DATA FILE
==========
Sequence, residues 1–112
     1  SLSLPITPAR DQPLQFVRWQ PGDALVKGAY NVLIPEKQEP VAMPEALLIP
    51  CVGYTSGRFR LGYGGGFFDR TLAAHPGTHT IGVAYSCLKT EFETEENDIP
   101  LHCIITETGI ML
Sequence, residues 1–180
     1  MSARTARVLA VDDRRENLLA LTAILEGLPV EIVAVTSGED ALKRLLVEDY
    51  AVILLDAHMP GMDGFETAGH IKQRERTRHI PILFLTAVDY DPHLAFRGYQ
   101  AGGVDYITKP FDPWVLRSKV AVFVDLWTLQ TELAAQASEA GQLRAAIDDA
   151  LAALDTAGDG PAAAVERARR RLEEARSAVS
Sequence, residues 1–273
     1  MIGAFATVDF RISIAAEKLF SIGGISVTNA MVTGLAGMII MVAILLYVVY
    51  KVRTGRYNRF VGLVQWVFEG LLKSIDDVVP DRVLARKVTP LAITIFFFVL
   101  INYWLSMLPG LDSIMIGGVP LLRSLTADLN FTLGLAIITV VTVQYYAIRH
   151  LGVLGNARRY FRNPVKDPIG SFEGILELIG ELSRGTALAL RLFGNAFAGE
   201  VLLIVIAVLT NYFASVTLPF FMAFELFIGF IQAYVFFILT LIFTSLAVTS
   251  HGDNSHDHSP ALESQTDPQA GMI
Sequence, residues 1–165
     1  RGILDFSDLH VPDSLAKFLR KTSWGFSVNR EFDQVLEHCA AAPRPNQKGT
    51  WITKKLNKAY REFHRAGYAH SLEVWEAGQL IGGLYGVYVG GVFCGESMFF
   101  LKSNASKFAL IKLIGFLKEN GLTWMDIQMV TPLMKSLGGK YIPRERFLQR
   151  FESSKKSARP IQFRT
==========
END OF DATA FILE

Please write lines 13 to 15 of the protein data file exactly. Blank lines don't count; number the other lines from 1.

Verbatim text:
   101  INYWLSMLPG LDSIMIGGVP LLRSLTADLN FTLGLAIITV VTVQYYAIRH
   151  LGVLGNARRY FRNPVKDPIG SFEGILELIG ELSRGTALAL RLFGNAFAGE
   201  VLLIVIAVLT NYFASVTLPF FMAFELFIGF IQAYVFFILT LIFTSLAVTS